The bond between Indian cinematography and Arriflex

After joining the Film and Television Institute in the eighties to study cinematography, the first year was spent shooting still photographs, doing lighting practicals and lab work. We however watched a lot of films, argued more about them and of course dreamt of shooting our own films.

It was only in the second year that we got a chance to shoot on film. I remember my shot in the motion picture exposure practical exercise and it was a panning shot of somebody going into a building.

It was a bright day and the iris was cut down to f/22. I could barely see anything and some one shouted ‘start camera’. I was so nervous. The Arri 2c camera came alive – black and white film squeezing though the gears. Before I could get my bearings the shot was over. I wasn’t prepared for the flicker that I saw through the eyepiece. I thought my camera was faulty. My first shot in cinema was going to be wobbly. I had to wait for a week to see the results on screen.

I heaved sigh of relief when my shot came on screen. There it was – crystal clear with no flicker.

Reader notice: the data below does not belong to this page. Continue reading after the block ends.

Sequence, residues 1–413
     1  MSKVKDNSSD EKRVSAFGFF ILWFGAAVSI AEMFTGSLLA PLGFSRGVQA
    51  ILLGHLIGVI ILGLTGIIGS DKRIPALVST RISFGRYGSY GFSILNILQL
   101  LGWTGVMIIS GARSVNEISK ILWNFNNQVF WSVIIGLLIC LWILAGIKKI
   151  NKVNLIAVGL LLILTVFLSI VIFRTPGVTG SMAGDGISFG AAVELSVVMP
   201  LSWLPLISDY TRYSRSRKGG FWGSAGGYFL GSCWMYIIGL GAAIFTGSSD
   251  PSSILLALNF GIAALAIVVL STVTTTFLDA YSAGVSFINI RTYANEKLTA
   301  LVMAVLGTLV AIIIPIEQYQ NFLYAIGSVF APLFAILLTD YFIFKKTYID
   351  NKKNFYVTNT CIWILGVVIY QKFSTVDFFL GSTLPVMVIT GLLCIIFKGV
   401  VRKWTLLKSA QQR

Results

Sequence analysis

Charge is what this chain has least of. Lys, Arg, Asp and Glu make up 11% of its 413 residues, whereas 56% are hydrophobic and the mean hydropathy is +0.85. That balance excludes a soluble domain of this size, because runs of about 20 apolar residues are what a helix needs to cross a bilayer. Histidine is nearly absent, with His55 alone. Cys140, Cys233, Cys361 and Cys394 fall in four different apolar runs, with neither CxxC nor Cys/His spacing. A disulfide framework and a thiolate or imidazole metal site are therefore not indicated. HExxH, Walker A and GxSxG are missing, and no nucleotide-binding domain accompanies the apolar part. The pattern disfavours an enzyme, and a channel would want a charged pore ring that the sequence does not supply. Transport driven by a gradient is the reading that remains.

Guru Dutt with VK Murthi
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Crime and Punishment in Cinema

deewar

India is the world’s largest democracy, but it is also a very unequal country, where some citizens are more equal than others. Convicted criminals, who are rich and powerful, seem to get out of jail well before their sentences have been completed. This is in sharp contrast to the lives of thousands of under trails languishing in jails not having access to a lawyer or even getting a chance for a fair trial. However, in the darkened “Halls of Cinema”, Good always wins over Evil and the Long Arm of the Law would eventually catch up with the criminals.

How does the film industry view crime and punishment? How do they represent it in their work? How do they deal with the law when one of their own is the accused?

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